Salvador DaBot, the portraitist robot
The Portraitist Robot recognizes human faces in its surroundings, takes a snaphot, and extracts relevant characteristics from the recorded image. It then draws portraits of the participants from the captured images by converting them into vector art, and by using inverse kinematics to control the robot's arm.
Contours of the faces are first extracted from the images captured through the robot's internal cameras. The contours are then converted to paths by organizing them with respect to their lengths.
Then, the image is segmented into several shades of gray. The contours and extracted areas are simplified to keep only the important features of the face and make it look similar to a cartoon representation. The different shades of gray will be reproduced by the robot by adding several layers of drawing patterns that are painted by the robot. These patterns are designed to make the painting look more artistic. The different areas are filled similarly as a human would do by recursively starting from one point, filling the current area, and jumping to another area when it is finished.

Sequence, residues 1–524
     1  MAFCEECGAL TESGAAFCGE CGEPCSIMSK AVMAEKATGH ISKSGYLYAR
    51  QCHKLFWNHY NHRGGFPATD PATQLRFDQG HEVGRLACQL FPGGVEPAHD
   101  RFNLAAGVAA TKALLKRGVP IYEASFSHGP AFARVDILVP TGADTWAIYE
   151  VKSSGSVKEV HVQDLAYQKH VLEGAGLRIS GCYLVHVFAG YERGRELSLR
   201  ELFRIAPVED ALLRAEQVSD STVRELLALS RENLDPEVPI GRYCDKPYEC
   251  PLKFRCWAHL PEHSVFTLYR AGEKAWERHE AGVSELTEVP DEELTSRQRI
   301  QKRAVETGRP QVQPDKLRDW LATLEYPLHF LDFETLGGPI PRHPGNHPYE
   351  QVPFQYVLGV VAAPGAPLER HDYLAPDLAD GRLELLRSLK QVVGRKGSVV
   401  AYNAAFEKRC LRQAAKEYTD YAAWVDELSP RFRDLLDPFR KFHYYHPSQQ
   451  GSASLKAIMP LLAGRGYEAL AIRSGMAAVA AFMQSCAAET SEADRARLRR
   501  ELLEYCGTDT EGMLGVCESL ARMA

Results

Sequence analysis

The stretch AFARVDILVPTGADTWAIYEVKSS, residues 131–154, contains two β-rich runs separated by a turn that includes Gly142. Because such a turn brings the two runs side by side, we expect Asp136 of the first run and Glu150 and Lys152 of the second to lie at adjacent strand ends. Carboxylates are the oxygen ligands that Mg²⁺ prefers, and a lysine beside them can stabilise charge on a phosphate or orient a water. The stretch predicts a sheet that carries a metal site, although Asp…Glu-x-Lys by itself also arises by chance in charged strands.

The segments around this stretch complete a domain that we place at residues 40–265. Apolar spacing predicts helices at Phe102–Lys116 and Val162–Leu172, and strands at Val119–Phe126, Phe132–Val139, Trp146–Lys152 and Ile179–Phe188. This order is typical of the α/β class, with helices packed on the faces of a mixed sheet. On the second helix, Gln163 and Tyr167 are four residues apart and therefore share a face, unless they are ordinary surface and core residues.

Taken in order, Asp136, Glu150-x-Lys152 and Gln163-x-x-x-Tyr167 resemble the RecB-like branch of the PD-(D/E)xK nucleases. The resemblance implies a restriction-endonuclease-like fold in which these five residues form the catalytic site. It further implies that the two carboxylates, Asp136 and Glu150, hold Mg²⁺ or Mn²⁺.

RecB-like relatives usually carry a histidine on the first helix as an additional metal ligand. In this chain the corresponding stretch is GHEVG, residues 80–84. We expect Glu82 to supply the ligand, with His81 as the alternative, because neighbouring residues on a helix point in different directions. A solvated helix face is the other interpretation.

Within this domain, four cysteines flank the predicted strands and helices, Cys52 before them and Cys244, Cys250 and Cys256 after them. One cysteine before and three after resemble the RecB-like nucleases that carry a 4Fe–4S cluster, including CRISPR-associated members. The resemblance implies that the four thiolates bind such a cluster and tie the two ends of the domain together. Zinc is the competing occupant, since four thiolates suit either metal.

Finally, a robust inverse kinematics controller is used to convert the 2D drawing into a set of joint angles that are run on the robot.
To look more human-like, motions of the left arm and head have been recorded through the use of motion sensors attached to the body of a person demonstrating the gesture to the robot. This process is indeed highly relevant as even when standing in a fixed posture, humans are producing small oscillations which are important to reproduce gestures that look natural and which can be reproduced on the robot to make it look more lively.
Apart from promoting Robotics as being a fun and interesting research area, this work also aims at showcasing the capabilities of the HOAP-3 robot as well as the integration of different motor and sensory components such as vision processing, clustering, human-robot interaction, speech synthesis, inverse kinematics and redundant control of humanoid robots.
Here are the first masterpieces of our mustachioed artist created during the Google Zeitgeist 2008 event.